Med students on how COVID pushed them into action, highlighted health care inequities

It was on a Saturday in mid-March when Abby Schiff, then a third-year medical student at Harvard working through surgery clinical rotations, found out she wouldn’t be going back to the hospital.



a group of people on a sidewalk: Medical student Francis Wright (top left) during a mask drive early on in the pandemic with his classmates (clockwise) India Perez-Urbano, Kara Lau, Lane Epps, Ninad Bhat, Laeesha Cornejo and Hunter Jackson, the last of whom came up with the idea.


© Courtesy Francis Wright
Medical student Francis Wright (top left) during a mask drive early on in the pandemic with his classmates (clockwise) India Perez-Urbano, Kara Lau, Lane Epps, Ninad Bhat, Laeesha Cornejo and Hunter Jackson, the last of whom came up with the idea.

She had worked the day before, but with the coronavirus threat growing quickly, Schiff, like thousands of other medical students across the country, was sidelined when the Association of American Medical Colleges issued a temporary suspension of clinical rotations in hopes of protecting students and patients, and conserving personal protective equipment (PPE).

She didn’t sit around waiting, though. As nurses came out of retirement and medical school professors pressed pause on teaching

Read More
By [email protected]_84

Study: Health Systems, Govt Responses Linked to Virus Tolls | World News

BERLIN (AP) — Scientists say a comparison of 21 developed countries during the start of the coronavirus pandemic shows that those with early lockdowns and well-prepared national health systems avoided large numbers of additional deaths due to the outbreak.

In a study published Wednesday by the journal Nature Medicine, researchers used the number of weekly deaths in 19 European countries, New Zealand and Australia over the past decade to estimate how many people would have died from mid-February to May 2020 had the pandemic not happened.

The authors, led by Majid Ezzati of Imperial College London, then compared the predicted number of deaths to the actual reported figure during that period to determine how many likely occurred due to the pandemic. Such models of ‘excess mortality’ are commonly used by public health officials to better understand disease outbreaks and the effectiveness of counter-measures.

The study found there were about 206,000

Read More
By [email protected]_84

Bridgewater’s Ray Dalio pledges $50 million for new health justice initiative

  • Bridgewater Associates founder Ray Dalio is giving $50 million to NewYork-Presbyterian to fight health inequality.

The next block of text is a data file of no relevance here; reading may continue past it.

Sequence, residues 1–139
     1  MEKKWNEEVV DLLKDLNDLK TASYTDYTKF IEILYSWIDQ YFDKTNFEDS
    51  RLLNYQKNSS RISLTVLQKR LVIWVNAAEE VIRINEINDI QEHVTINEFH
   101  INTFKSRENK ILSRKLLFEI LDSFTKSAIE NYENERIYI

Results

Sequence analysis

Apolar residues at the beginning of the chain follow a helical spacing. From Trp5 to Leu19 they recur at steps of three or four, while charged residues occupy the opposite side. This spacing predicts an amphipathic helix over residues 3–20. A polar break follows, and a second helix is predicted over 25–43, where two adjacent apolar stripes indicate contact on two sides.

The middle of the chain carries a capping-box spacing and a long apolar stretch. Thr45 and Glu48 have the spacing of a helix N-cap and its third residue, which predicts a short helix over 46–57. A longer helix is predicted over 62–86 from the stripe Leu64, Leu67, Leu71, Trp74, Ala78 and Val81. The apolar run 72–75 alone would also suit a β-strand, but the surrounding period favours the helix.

• The grant, which is from Dalio Philanthropies, will establish the Dalio Center for Health Justice.
  • The center will focus on increasing equity across the health care system, while also seeking to address unconscious bias in clinical trials, among other things.



Ray Dalio wearing a suit and tie: Ray Dalio, billionaire and founder of Bridgewater Associates LP, speaks during the Milken Institute Global Conference in Beverly Hills, California, U.S., on Wednesday, May 1, 2019. Photographer: Patrick T. Fallon/Bloomberg via Getty Images


© Provided by CNBC
Ray Dalio, billionaire and founder of Bridgewater Associates LP, speaks during the Milken Institute Global Conference in Beverly Hills, California, U.S., on Wednesday, May 1, 2019. Photographer: Patrick T. Fallon/Bloomberg via Getty Images

Bridgewater Associates founder Ray Dalio is giving $50 million to NewYork-Presbyterian to fight health inequality at a time when the coronavirus pandemic has laid bare the disproportionate access to health care in the U.S.

Loading...

Load Error

The grant, which is from Dalio Philanthropies, will establish the Dalio Center for Health Justice. The center will “address health disparities and

Read More
By [email protected]_84

63 of the best health and fitness deals on Prime Day 2020



Microsoft may earn an Affiliate Commission if you purchase something through recommended links in this article



Microsoft may earn an Affiliate Commission if you purchase something through recommended links in this article

Read More
By [email protected]_84

Med students on how COVID-19 pushed them to take action, highlighted health care inequities

It was on a Saturday in mid-March when Abby Schiff, then a third-year medical student at Harvard working through surgery clinical rotations, found out she wouldn’t be going back to the hospital.

She had worked the day before, but with the coronavirus threat growing quickly, Schiff, like thousands of other medical students across the country, was sidelined when the Association of American Medical Colleges issued a temporary suspension of clinical rotations in hopes of protecting students and patients, and conserving personal protective equipment (PPE).

She didn’t sit around waiting, though. As nurses came out of retirement and medical school professors pressed pause on teaching to answer the call to action on the front lines, Schiff also got to work. Within hours, she and a group of other students started building a crash course on COVID-19 for medical professionals.

“At the time, a lot of Harvard medical students were talking about

Read More